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Mee-Ju Ro is a Ph.D. Candidate who works on Asian American literature with a focus on gender, trauma and sexuality. Her dissertation Entangled Testimonies: The Metrics of Reported Speech is a critique of testimony as a technology of reported speech – it looks at literary and social forms of women’s autobiographies and testimonies and asks the question: during critical moments of historical redress, how has the genre of testimony functioned as both a politically empowering and complicit technology? She suggests that testimony be rethought as a translation rather than a “transmission.” Most importantly, the argument unfolds within a framework of “entanglement” which draws on the concept of quantum entanglement as a way to radically shift how we think about relationality and communication. She is committed to a study of Asian American literature within a trans-Pacific context.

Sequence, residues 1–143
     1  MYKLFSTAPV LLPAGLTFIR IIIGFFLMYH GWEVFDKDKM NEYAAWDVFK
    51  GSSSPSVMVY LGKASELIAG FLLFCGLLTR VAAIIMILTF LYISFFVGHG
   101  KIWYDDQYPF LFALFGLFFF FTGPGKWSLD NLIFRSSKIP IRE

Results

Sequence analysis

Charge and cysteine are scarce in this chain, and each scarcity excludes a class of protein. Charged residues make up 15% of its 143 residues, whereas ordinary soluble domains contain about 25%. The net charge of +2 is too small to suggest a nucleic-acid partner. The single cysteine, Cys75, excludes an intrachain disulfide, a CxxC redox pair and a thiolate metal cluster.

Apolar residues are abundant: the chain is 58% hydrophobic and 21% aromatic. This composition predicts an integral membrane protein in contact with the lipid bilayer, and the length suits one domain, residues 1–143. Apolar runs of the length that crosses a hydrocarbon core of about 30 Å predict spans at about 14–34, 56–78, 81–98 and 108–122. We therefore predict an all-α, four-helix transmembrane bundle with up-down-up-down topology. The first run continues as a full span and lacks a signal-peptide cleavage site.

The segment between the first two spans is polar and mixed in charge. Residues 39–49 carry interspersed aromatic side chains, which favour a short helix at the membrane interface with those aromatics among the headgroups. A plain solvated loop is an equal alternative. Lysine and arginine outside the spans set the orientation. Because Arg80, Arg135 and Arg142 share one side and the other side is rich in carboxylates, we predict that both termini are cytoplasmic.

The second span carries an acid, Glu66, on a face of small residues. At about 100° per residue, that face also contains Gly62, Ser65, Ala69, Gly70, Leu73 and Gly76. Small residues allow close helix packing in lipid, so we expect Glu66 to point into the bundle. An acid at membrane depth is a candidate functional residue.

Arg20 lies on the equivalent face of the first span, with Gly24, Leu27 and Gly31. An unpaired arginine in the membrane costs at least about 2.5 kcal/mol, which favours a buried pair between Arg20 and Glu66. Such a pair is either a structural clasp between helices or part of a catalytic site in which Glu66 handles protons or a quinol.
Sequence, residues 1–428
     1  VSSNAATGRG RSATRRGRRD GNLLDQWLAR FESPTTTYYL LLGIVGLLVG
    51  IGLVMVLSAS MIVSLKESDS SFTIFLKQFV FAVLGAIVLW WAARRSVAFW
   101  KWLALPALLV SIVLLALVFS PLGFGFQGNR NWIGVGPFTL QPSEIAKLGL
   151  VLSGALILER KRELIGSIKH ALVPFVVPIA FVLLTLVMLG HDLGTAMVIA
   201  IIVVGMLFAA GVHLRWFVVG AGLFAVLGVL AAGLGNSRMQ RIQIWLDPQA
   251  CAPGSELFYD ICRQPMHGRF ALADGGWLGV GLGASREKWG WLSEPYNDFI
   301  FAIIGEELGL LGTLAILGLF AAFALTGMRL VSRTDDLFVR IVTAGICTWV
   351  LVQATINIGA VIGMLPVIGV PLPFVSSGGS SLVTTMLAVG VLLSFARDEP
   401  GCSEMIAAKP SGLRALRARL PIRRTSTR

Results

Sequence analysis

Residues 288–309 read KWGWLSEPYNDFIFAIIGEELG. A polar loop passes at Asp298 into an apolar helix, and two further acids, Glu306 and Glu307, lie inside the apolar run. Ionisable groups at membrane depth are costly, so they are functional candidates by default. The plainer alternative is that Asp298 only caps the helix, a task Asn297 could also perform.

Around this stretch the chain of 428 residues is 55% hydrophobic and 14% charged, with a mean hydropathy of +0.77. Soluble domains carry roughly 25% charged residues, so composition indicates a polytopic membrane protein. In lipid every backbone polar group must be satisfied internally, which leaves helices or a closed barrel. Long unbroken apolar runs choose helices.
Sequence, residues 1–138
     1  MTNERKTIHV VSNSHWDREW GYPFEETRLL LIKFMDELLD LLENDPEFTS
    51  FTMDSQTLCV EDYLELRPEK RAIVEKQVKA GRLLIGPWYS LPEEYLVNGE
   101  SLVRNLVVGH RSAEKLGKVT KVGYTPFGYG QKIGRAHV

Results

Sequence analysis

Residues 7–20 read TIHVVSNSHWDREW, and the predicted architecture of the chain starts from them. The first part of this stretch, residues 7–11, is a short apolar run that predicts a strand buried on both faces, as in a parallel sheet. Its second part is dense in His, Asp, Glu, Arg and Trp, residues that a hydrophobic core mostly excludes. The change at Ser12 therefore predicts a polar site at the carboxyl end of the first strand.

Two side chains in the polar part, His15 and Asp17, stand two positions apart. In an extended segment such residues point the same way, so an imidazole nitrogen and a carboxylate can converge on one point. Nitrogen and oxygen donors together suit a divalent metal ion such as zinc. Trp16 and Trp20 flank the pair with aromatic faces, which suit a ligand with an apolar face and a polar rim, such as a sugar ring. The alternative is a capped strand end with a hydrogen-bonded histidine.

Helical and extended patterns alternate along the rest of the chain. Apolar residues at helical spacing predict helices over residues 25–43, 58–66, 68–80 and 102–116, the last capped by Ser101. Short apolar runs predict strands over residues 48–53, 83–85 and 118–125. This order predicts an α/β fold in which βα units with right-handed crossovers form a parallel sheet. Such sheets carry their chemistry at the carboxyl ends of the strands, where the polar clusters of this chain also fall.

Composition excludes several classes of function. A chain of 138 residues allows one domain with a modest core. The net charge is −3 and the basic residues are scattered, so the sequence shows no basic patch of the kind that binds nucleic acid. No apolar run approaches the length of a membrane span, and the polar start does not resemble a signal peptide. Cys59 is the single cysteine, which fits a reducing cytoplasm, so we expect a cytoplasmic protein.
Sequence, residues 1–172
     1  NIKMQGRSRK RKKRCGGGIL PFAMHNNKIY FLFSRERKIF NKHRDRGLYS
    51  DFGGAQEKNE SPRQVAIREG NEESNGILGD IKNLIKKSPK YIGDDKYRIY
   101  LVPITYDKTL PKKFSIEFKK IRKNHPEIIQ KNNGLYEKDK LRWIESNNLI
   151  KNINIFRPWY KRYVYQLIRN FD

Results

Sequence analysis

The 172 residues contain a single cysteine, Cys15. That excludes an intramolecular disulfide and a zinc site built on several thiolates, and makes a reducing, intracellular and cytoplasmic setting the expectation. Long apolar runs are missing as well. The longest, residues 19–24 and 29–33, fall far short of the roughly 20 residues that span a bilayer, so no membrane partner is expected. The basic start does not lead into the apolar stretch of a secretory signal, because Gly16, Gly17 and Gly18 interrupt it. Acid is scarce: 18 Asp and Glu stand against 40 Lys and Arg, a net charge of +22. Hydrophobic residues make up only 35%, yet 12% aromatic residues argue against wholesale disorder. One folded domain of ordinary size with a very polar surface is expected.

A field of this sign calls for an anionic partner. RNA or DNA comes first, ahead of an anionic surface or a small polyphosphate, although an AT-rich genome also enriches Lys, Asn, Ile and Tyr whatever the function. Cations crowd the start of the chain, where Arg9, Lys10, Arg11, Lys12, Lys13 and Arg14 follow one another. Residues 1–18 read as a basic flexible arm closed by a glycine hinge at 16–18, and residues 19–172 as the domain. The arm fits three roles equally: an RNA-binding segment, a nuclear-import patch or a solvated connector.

Her article, “Missing Mom: Translation as Testimony in Shin Kyung-Sook’s Please Look After Mom,” was published in the interdisciplinary Canadian journal Mosaic (2016). She has taught courses like “Hauntings in Asian American Literature,” “Mourning the Dead,” “Mystery in the Story,” and TA’d for the English Department and the Asian American Studies Program. She will be teaching “Translation and Transnational Literatures” in the Spring of 2018. She is also an aspiring short story writer who has recently published her first, “seoriseori,” in The New Quarterly.
- Asian American, Asian Canadian Literature
- Trans-pacific Studies
- Race, Gender, and Sexuality
- Translation Studies
- Trauma Theory